Tom and the young man returned to our compartment and all four of us got into a discussion about French food, compared to American food, about Alsace, about Paris, and about the 15th arrondissement, where the woman also lives.  The young man was from Colmar, in Alsace, and he was charming.   We think he may have been in the military, and was on his way into Paris to march in the Bastille day parade the next morning.

(At left, a cute little street in Turckheim.)

colmar7.jpg (26502 bytes) The woman considered herself to be an expert on America and the American diet, but her data was outdated and skewed.  We just listened to her, and didn't correct her really at all.

In Paris, we easily slipped into the metro and found our way home to the 15th.   We carefully selected our metros so we'd end up at Place du Commerce, where even on a Sunday night we know how to get a good dinner.  At Della Piazza, we had escalope de veau Normande and haricots vert, which came with lots of garlic, butter, and finely chopped sun dried tomatoes.  By the time we got back to the apartment, it was nearly midnight.

In the morning, we watched the Bastille Day parade, and all its military finery, on TV.   That was followed by the traditional hour-long interview with President Chirac, always very interesting.  This time he spoke faster than last year because he was trying to cover all the many things that are troubling the French this year - strikes, reforms of the retirement system, schools, the economy, Iraq, Africa, immigration, and so on.

turckheim2.jpg (23809 bytes) Then there were hours of exciting coverage of the Tour de France, and its final stage in the French Alps.  We saw Beloki fall in front of Lance Armstrong.  Beloki's tire blew out on the rapid descent on very hot pavement.  So dangerous.  But Lance is still in the yellow jersey.  We're waiting to hear about Beloki's condition.  It didn't look good.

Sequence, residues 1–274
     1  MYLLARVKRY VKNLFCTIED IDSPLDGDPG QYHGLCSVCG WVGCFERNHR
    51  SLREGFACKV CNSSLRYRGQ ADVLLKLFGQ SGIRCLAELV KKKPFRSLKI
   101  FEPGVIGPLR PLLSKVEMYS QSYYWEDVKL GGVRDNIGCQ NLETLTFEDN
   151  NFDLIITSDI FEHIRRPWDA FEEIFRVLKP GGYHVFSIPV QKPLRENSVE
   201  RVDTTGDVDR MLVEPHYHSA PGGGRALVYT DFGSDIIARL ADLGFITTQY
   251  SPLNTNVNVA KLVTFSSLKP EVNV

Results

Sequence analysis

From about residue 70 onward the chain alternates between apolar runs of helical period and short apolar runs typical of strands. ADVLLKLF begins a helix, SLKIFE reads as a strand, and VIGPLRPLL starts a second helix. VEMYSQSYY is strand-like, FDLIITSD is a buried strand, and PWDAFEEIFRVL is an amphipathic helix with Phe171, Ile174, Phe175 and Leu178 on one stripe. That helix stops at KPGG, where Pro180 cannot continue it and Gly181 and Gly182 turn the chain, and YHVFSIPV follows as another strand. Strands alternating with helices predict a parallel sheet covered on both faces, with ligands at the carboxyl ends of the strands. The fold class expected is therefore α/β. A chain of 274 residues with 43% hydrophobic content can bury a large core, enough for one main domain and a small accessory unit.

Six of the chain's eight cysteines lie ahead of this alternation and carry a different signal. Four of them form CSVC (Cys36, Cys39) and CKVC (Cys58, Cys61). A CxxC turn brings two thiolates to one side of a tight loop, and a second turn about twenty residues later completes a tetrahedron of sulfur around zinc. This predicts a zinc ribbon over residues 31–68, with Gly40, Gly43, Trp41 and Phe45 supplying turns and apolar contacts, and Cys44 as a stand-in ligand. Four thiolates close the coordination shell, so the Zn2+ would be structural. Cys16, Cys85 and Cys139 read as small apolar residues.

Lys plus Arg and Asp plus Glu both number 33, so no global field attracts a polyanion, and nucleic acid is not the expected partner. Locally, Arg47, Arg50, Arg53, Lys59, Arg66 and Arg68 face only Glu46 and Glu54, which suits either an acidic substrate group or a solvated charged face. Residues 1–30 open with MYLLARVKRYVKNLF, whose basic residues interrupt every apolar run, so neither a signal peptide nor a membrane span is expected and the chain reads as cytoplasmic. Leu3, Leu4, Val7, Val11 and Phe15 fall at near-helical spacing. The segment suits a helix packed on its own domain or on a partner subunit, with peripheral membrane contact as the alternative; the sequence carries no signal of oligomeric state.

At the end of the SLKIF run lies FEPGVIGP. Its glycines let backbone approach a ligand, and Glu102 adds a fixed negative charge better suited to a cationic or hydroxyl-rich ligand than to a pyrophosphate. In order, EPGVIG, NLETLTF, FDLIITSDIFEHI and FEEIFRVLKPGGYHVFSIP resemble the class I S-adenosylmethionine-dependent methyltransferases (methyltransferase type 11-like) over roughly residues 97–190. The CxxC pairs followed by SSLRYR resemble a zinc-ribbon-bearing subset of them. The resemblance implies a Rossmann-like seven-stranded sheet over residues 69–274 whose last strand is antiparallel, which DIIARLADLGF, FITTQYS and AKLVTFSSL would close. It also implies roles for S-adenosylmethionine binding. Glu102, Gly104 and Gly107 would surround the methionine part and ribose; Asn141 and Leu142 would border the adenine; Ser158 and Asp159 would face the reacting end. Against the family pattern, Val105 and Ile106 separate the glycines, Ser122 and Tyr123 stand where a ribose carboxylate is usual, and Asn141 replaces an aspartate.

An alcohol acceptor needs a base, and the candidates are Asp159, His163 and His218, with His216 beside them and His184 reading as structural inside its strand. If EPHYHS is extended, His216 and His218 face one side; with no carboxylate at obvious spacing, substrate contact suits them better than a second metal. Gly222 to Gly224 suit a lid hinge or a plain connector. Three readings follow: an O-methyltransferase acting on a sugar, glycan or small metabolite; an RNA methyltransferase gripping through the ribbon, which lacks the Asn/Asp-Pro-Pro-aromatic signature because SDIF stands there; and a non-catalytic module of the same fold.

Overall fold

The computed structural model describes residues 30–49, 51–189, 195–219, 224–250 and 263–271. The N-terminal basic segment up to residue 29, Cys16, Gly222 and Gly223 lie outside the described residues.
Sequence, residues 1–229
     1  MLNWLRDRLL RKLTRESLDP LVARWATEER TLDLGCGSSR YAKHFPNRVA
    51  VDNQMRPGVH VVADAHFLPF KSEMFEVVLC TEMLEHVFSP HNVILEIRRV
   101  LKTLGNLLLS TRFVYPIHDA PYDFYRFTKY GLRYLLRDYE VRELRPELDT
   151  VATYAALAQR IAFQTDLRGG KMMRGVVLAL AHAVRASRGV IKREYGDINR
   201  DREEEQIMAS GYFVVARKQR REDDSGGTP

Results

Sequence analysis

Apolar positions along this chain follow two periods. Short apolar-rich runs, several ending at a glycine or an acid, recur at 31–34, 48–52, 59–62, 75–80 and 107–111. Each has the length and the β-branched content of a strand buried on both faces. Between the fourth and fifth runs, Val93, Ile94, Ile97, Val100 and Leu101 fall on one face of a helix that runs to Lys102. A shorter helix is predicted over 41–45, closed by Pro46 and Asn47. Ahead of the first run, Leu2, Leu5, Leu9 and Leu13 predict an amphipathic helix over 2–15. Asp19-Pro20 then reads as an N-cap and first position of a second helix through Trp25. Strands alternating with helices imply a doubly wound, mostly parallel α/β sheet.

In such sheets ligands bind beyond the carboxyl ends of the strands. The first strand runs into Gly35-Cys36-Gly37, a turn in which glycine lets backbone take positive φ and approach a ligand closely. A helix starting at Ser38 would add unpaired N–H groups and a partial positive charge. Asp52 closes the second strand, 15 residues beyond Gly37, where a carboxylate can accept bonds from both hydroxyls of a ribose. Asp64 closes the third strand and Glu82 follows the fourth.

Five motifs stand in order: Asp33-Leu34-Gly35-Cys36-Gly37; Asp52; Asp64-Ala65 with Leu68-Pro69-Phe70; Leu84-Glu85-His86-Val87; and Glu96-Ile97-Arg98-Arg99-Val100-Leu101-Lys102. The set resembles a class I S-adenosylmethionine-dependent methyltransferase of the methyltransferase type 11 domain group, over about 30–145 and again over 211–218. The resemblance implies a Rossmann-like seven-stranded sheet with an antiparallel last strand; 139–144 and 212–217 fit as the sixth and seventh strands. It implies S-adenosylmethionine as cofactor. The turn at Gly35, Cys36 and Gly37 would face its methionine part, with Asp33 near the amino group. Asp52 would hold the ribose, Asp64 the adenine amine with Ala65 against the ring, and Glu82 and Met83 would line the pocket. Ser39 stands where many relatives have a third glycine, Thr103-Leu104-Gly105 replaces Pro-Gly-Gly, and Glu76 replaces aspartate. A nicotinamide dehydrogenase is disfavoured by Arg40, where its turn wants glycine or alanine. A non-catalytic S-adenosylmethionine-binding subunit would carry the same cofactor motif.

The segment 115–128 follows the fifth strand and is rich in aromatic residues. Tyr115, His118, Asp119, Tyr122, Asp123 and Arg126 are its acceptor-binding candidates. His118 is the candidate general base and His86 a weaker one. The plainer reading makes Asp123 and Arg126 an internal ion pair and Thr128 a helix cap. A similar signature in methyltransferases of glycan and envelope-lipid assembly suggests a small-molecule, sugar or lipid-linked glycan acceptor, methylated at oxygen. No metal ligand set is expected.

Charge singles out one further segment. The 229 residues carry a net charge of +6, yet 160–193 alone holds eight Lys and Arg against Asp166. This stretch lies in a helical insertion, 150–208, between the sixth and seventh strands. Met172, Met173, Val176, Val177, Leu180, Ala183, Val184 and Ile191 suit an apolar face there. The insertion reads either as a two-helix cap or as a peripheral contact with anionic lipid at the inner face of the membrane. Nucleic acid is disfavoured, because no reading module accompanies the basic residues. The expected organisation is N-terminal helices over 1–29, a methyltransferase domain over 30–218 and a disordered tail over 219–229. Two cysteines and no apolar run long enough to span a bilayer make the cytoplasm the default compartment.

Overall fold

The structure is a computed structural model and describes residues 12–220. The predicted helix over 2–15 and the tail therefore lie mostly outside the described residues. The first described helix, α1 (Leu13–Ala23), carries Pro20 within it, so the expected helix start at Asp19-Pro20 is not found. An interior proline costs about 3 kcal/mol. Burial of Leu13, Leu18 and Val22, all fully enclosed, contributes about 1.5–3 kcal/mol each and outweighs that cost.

It is VERY hot here, and almost no place is air conditioned.  The apartment certainly is not air conditioned.  It was in the low 90s yesterday, and will be even a little warmer today. 

I felt sorry for all those military types in the wool uniforms in the parade.  But that was in the morning.  The afternoon and evening were really hot, hot, hot.

We found dinner yesterday at the North African restaurant, Le Tipaza, on Emile Zola, very nearby.  It is air conditioned, thank heavens.   Maybe we'll go there tonight, too. 

(At left, more from Turckheim.)

turckheimfleurs.jpg (23757 bytes) After dinner, we walked with the throngs of people flocking to the Champ de Mars for the fireworks.  It was only about 10PM, and the fireworks would not start until about 11:30.  Thousands and thousands of people were finding their way through our neighborhood.  We turned around at the Champ de Mars and returned to our apartment, where we can watch the fireworks from the rear windows.

I should mention that I also spend a couple hours yesterday getting these photos from Alsace ready for the web journal.   It takes a lot of time to select, edit, crop, resize, and otherwise deal with the photos.

Tom says it is worth it, though, to have such a record of our travels.  I think it is worth it because I like hearing from you all when you see them.  (Write to me at

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I took lots of fireworks photos last night.  Later today, I'll see how they turned out, and perhaps tomorrow I'll share them with you. 

But for now, it is time to upload, sign off, and cool down.